The sauce went to space when American Astronaut John Glenn orbited the earth in 1962. NASA packed applesauce in tube containers resembling toothpaste tubes.
Through the years, people’s love for applesauce did not diminish. One of the applesauce innovations was the applesauce cake, which started during the colonial times in the New England Territories. It became more popular during the First World War when people had to be frugal. Recipes for the cake appeared in cookbooks from the 1900s to the 1950s. The traditional cake was promoted as a patriotic dessert during World War I as people could quickly produce applesauce. In addition, it requires only a few expensive ingredients. The Americans’ love for the cake continues, with June 6 named as National Applesauce Cake Day.
- 1739Creation of first applesauce
The year was considered the time when applesauce was discovered because it was the first time the sauce was included in cookbooks published in England. However, you cannot discount the fact that applesauce was used by other people, although it was not recorded.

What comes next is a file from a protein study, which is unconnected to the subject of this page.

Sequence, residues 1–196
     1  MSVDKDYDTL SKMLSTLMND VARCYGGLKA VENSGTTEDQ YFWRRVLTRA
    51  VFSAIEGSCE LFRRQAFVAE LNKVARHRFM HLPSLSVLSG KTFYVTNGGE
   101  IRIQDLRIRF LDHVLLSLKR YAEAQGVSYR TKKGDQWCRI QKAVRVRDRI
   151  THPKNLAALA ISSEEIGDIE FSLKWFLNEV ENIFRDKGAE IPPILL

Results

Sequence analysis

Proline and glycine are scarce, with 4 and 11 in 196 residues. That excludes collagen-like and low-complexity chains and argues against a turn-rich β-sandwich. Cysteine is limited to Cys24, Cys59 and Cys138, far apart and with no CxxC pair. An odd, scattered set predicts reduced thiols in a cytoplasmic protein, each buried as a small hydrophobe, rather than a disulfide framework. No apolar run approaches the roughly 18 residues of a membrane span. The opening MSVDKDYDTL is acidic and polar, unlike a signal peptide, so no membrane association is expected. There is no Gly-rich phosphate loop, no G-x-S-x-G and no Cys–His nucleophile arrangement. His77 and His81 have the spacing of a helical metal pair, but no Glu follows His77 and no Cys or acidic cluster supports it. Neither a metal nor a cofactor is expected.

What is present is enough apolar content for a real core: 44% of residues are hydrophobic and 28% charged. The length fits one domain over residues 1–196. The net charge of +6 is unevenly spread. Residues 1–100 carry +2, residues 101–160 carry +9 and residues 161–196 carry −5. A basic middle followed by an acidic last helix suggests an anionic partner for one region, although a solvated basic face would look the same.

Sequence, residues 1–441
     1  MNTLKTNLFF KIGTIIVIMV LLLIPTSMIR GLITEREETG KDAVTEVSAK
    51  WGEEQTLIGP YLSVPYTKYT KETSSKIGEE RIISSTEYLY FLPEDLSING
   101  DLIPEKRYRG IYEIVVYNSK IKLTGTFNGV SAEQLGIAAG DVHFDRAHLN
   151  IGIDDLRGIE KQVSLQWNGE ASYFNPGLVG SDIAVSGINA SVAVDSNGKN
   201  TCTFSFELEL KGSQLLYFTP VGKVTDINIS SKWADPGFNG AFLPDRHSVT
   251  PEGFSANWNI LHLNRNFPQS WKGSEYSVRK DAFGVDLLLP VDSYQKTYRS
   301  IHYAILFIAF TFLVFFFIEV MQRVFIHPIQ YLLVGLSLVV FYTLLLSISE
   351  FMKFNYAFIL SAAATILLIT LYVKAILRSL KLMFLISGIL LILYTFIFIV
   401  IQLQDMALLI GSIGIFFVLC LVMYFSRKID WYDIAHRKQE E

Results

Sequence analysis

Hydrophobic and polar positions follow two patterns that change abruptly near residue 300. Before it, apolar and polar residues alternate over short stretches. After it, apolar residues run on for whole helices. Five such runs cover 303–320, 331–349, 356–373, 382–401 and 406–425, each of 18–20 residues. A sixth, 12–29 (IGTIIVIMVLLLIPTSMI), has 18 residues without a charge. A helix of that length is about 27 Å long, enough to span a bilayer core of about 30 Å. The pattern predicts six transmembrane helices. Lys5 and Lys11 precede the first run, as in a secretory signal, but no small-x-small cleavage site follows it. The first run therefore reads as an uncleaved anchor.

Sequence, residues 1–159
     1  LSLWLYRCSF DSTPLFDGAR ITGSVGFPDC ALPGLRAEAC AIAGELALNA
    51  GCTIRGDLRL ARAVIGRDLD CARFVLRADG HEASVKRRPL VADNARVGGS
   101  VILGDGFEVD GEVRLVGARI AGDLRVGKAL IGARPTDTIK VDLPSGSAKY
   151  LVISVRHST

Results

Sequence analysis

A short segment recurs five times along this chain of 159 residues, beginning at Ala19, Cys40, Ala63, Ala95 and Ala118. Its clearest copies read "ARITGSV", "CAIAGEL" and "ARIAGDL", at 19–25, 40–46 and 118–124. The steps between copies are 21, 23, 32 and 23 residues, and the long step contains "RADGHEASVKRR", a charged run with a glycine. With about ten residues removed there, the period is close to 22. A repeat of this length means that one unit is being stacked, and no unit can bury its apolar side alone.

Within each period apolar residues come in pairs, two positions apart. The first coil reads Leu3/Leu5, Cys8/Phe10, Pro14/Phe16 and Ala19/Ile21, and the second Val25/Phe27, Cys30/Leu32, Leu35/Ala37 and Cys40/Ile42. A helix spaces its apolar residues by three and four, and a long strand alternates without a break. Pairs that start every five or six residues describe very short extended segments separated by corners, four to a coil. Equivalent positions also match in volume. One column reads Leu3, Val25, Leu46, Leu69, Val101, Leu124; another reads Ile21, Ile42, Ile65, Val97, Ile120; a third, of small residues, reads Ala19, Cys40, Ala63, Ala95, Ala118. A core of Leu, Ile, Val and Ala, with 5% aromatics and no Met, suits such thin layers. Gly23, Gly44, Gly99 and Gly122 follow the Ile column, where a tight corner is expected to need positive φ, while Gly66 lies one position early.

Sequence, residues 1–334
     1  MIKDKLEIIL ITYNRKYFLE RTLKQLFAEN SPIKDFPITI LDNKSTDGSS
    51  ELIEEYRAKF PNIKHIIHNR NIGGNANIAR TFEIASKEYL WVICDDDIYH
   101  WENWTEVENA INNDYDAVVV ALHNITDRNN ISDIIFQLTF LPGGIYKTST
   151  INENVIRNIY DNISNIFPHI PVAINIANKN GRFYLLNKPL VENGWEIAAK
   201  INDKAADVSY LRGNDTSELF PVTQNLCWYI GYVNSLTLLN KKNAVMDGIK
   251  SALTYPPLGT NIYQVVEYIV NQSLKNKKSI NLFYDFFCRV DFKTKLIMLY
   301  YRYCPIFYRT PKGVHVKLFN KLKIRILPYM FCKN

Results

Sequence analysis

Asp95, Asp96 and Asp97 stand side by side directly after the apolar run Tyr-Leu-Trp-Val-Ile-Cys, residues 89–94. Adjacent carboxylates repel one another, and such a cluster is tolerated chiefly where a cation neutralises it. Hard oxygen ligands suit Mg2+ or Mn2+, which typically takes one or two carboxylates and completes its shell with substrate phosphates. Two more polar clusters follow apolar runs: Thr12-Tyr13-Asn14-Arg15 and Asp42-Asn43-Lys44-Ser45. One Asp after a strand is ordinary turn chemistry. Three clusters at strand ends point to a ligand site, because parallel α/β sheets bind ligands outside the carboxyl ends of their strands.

John S. Musselman, Sr. and his two sons, John Jr. and Christian High, founded Musselman’s, a canning company in Pennsylvania. They became suppliers of canned goods and fruits to WWI soldiers. The business grew, and they started packaging applesauce, using apples grown in their orchards. As demand grew, Mr. Musselman senior decided to build their machinery specifically to produce applesauce.
- 1930Commercial applesauce
Mott’s, an American company, introduced its applesauce brand in 1930, which was during the height of the Great Depression. The company is one of the biggest producers of applesauce and the first one to introduce applesauce in cups in 1985, making a favorite sauce more portable.
Karsten Robbins created “Smashies,” a squeezable packaging material he developed, with the intent of selling it to big manufacturers. However, he later decided to produce his brand of organic applesauce, using his squeezable packaging, which made applesauce easier to carry and consume without mess.
- 2014Young entrepreneur